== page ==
Horrible, horrible freedom!

by Abigail · 11 comments




I experienced panic the other day. Real, serious, heart-beating-fast panic. All because we’re going to be out of debt soon.

I know. That’s weird. It’s not that I enjoy being in debt, by any stretch of the imagination. Yet there is a certain boundless possibility to life without debt that, while exhilarating, is also deeply terrifying.



I know, their fear is laughable. But, in a way, I understand it. I’ll soon be in the financial black and I’m realizing that, despite all the stress and angst it brings, debt does make life simpler sometimes.

The thing is, debt is the evil you know. It’s the bad guy, which means you’re automatically the hero valiantly fighting it. You can say no to that dinner out and put that money against your credit card balance. You can say, “I can’t afford it.” Heck, you can even realize you just prefer the money go against debt.

Not only do you feel virtuous but it’s also just so obviously… right. When you’re in debt, it’s always pretty easy to know what you should do.

After you pay it all off, though, it’s the end of the Cold War all over again. We spent so much time defining ourselves in opposition to something, be it debt or Communism, that it’s hard to know where to go after the threat is neutralized.

There are still obvious goals, of course. You’ll want to bulk up your emergency fund, save up for a down payment on a house. It’s all very smart, and the goals are certain good ones. Still, it’s not nearly as motivating as having a villain — an evil — to rally against.

Budgets aren’t surveyed to find every extra cent. Quite the opposite. Now, we get to loosen the purse strings and enjoy having money to play around with.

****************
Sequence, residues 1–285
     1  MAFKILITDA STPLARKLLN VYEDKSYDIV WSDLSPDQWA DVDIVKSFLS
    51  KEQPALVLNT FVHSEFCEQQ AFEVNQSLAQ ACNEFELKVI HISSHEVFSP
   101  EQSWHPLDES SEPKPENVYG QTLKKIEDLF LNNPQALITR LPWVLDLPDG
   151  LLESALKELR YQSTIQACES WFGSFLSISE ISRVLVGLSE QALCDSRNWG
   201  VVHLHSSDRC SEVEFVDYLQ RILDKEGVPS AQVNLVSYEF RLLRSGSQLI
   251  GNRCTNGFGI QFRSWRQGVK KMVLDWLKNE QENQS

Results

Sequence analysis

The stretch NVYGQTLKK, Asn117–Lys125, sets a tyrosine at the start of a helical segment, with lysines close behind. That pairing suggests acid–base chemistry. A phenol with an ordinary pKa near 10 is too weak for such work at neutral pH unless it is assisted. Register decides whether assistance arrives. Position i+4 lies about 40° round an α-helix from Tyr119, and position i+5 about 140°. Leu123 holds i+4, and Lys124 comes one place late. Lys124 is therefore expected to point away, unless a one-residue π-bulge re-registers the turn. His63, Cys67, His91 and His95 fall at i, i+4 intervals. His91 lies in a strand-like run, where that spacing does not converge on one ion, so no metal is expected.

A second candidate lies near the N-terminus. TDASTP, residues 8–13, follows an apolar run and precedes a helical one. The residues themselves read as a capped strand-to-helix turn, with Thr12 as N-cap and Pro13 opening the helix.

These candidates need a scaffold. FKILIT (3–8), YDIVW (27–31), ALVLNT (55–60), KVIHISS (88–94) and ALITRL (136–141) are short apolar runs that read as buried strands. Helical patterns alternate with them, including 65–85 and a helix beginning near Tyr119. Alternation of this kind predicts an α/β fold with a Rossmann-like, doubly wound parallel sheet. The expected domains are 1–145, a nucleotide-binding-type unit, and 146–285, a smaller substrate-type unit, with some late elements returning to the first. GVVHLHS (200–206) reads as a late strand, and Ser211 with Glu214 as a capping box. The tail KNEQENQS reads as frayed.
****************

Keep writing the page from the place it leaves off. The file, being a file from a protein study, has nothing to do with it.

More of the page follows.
Except now the hard and fast rules are gone. When you wanted to eradicate debt, you put your nose the grindstone and threw anything you felt you could spare at that credit card balance. But you don’t want to live like that just to build up savings.

So where’s the line? How much do you concentrate on savings, and how much do you let yourself spend? When are we not being serious enough about creating a safety net, and when are we being too hard on ourselves and missing out on a lot of fun?

Everyone will have a slightly different answer. Nothing new there, technically. After all, even debt reduction methods vary greatly from person to person. But the central tenet is always to get rid of debt. Once you’re out of the red, priorities jostle for attention.

There are just so many obligations that we put off until we’re out of debt. My most immediate goals will be a three-month emergency fund, IRA contributions, starting a car repair/replace fund, building a savings account, and working toward a down payment for a house.

And that’s barely skimming the surface. There are still issues like wills (mine is horribly outdated), learning about insurance options, finding investments we’re comfortable in and plenty of other goodies. Frankly, just thinking about it all makes me a little light-headed. And, as I mentioned, a little panicky.